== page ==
You do have more control over Facebook Groups in that you have supervision over what is posted. Offensive posts can be deleted or addressed on your terms. You may not have the same reach as with an Ambassador Program though since posts will still be seen only by those who choose to join.

Pay to Play in the News Feed.

If you’ve never even boosted a post, let alone run an ad on Facebook, it’s time to accept the reality that Facebook advertising needs to be a part of your communications budget. It doesn’t have to be thousands of dollars! You can make good use of even $20 a month.

Add More Live Video to Your Page.

Facebook has made it clear that it still loves live video.  Think about how you can use live streaming at your nonprofit. It can be more formal, regular shows, or more casual behind-the-scenes streams.

We at Nonprofit Marketing Guide will be starting a weekly show very soon and doing much more live video this year, both on our Page and in the various Groups that we manage and participate in regularly. We are on the learning curve ourselves and will share what we learn with you as we go along.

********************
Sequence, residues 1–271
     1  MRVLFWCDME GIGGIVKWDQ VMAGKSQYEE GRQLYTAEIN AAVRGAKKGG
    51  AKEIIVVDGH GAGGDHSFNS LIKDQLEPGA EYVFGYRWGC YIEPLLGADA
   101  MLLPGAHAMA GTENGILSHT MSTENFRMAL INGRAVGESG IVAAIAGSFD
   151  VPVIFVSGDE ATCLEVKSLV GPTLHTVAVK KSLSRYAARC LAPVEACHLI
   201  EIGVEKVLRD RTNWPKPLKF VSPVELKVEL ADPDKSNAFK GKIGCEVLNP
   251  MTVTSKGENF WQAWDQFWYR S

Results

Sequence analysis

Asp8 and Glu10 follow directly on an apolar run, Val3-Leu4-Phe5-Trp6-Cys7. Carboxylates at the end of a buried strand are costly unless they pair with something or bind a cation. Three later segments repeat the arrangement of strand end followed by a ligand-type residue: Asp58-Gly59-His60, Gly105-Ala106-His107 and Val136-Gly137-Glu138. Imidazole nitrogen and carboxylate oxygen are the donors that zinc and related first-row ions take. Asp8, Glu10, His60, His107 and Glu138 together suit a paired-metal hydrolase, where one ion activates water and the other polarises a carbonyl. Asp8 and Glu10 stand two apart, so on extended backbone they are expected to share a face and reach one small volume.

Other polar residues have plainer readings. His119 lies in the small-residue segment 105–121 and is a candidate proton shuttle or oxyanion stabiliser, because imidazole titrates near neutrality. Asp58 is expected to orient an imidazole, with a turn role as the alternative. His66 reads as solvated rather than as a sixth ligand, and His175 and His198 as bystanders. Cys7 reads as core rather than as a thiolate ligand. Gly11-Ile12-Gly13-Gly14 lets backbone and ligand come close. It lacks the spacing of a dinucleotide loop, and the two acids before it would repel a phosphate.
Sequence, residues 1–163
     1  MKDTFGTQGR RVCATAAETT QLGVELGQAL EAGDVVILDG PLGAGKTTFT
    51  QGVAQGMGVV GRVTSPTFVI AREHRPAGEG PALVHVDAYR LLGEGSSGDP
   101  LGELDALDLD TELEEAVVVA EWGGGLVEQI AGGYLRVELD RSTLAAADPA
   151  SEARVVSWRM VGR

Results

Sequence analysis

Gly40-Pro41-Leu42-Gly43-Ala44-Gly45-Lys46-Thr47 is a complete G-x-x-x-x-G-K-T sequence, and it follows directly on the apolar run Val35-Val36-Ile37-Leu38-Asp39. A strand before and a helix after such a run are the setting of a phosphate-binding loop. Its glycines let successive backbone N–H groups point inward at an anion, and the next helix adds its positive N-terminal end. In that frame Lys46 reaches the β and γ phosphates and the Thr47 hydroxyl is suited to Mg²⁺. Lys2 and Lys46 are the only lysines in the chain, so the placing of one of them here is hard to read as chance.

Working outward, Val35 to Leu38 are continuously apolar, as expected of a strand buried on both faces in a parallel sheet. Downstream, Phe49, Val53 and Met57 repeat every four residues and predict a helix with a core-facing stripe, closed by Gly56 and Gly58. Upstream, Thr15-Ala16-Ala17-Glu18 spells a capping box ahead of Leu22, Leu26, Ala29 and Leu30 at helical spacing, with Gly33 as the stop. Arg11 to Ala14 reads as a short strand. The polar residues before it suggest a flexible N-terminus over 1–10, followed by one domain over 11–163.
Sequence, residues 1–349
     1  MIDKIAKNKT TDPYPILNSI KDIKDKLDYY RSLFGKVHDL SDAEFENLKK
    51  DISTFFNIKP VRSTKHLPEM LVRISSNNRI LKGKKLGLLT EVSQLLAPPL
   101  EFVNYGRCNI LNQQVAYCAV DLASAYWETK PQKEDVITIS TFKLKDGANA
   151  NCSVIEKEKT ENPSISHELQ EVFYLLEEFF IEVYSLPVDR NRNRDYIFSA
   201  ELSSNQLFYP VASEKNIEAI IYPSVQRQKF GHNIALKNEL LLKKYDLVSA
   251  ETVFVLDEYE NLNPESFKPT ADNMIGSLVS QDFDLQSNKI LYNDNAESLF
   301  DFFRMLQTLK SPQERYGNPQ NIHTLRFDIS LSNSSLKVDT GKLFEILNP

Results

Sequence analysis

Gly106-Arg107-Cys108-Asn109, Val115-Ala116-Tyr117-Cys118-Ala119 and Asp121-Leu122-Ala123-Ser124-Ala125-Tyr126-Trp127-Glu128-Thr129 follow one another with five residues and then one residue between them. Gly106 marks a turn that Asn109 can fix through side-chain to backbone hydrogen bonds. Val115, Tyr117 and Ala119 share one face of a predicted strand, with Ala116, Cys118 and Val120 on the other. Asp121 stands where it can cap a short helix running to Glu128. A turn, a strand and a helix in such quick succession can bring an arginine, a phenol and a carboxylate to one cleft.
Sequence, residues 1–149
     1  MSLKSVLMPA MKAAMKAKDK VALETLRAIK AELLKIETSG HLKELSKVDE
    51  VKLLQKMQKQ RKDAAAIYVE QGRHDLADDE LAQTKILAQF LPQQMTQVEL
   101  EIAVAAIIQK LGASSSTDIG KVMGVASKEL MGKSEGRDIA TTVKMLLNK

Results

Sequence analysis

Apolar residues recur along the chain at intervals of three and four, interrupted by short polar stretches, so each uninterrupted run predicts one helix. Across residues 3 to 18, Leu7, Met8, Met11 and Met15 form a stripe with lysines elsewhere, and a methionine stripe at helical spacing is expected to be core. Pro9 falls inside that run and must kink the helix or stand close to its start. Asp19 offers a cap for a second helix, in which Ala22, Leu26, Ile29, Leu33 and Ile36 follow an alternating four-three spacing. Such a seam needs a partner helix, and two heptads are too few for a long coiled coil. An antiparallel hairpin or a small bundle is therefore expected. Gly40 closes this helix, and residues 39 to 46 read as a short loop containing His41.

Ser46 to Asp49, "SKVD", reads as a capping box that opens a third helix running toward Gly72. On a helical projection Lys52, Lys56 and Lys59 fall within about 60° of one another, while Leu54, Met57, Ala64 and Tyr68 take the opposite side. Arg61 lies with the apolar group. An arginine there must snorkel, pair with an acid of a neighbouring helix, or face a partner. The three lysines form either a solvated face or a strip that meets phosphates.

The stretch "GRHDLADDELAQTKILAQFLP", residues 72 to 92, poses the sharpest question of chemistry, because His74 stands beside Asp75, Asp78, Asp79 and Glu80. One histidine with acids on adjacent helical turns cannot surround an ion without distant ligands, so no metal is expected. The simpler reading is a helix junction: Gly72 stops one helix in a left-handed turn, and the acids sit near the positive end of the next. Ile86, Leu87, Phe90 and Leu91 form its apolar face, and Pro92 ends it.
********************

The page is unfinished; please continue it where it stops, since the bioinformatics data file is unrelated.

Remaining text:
But before you take on any of these strategies, ask yourself these questions:

  • What results are we seeking?
  • Who are we trying to reach?
  •  What are we trying to get them to do?
  • Why should they care?
  • Is this the best channel to reach them?

With any marketing endeavor you need to know why you are doing what you’re doing.

No matter what you decide, you still need to have engaging content or none of this matters.

If these answers don’t lead you to Facebook, that’s fine. It may be time to focus more of your time on other channels (like email). Our 2018 Nonprofit Communications Trends Report (which is being released tomorrow) shows us that nonprofit professionals already wanted to spend less time on social media before this announcement was made.

But if you do continue with your efforts on Facebook, we’d love to hear from you about how you did it! Comment below or contact me…